We located the path we wanted to take (not so easy in poor visibility) and started to make our way down. It’s quite steep and required a bit of scrambling, a little tricky in descent, especially with snow underfoot. But this path is more sheltered and there was less snow and as we descended conditions underfoot improved.
Reaching the hause, in better conditions I’d have liked to have climbed the neighbouring fell of Green Gable, but today continued on down the scree covered path that would take us back down to Styhead Tarn.
The Scafells were still hidden in the mist, but looking back I could see that the cloud was clearing off Great Gable and conditions were certainly improving. If I’d reached the top an hour or two later then I might have had a view. Ah well, the Fates are clearly determined to stop me experiencing the great views from the top of this mountain.
I continued back down to Borrowdale with the group. As we descended, conditions were certainly improving, although it continued to rain.
After crossing Stockley Bridge we continued down the path to Seathwaite. A short distance along the metalled road from the farm towards Seatoller we parted company when the group reached their vehicle which they’d parked up on the verge.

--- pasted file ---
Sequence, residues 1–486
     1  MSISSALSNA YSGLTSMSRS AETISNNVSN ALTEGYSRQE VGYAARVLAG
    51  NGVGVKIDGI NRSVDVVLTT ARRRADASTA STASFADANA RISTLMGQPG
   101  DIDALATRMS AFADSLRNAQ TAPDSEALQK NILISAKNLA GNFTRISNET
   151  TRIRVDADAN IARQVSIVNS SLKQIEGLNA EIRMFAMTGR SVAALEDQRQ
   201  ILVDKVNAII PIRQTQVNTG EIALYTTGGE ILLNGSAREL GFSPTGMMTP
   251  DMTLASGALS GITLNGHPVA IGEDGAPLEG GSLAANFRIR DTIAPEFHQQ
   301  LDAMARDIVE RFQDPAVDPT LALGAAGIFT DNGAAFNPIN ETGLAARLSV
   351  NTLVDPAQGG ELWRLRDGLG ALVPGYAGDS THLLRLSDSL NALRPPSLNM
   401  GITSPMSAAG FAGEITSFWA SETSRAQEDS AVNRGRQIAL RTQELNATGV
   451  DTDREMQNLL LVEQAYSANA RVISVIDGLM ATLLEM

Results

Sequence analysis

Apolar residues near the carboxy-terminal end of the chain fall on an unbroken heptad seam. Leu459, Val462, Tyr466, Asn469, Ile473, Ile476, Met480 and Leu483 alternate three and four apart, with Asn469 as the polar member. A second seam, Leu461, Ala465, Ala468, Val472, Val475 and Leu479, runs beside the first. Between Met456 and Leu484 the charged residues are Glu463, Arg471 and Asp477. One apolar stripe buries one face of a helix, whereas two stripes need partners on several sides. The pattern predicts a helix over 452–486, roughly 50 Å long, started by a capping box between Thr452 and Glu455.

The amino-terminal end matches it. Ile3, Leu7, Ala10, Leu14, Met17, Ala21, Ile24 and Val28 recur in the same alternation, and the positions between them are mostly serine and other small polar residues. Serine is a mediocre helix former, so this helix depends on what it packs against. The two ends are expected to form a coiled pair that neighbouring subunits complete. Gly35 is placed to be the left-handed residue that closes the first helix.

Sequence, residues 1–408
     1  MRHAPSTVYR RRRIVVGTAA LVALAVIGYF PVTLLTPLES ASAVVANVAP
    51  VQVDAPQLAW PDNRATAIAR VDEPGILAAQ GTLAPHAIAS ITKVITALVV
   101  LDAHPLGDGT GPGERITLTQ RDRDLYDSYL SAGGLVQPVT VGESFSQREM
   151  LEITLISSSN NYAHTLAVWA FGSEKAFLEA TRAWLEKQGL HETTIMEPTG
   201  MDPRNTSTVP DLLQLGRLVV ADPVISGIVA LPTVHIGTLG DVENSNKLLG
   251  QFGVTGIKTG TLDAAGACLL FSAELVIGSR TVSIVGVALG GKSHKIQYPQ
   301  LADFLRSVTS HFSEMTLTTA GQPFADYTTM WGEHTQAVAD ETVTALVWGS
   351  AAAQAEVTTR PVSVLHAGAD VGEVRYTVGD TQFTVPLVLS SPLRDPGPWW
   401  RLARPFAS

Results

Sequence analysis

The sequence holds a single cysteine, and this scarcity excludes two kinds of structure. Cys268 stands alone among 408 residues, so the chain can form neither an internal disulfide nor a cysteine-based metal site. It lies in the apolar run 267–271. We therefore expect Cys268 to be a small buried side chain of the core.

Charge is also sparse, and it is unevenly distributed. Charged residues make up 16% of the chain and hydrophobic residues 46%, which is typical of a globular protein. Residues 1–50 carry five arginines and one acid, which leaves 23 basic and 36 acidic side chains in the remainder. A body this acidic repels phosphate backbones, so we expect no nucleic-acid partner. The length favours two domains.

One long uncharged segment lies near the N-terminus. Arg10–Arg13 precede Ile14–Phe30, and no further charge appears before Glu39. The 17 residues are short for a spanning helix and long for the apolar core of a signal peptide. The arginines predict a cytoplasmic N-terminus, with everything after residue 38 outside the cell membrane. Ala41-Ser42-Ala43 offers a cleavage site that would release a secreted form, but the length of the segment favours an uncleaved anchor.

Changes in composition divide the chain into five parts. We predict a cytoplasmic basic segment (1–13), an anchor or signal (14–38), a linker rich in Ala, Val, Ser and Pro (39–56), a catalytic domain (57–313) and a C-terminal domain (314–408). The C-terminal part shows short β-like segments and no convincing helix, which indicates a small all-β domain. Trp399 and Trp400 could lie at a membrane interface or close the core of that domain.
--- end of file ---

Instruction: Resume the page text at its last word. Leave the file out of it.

I continued the last mile back to the farm and was glad of a soak in a deep hot bath.
So my last day in Borrowdale had been something of an adventure. On reflection I’d have been better if I’d set out a little later. But I hadn’t and encountering the conditions when I reached Styhead, I really should have turned back. I still would have had an enjoyable walk, though I know I’d have been disappointed not to have made it to the top. But hindsight is a wonderful thing and decisions have to be made on the spot. Luckily, I didn’t come a cropper, but on my own I could have done, particularly if conditions had deteriorated still further.
So I’ve been up Great Gable twice and on both occasions haven’t been able to enjoy the views. But the mountain hasn’t gone away so I’ll just have to look out for a good day when I’m not in work and get up there again. Mind you, will I be able to trust the weather forecast?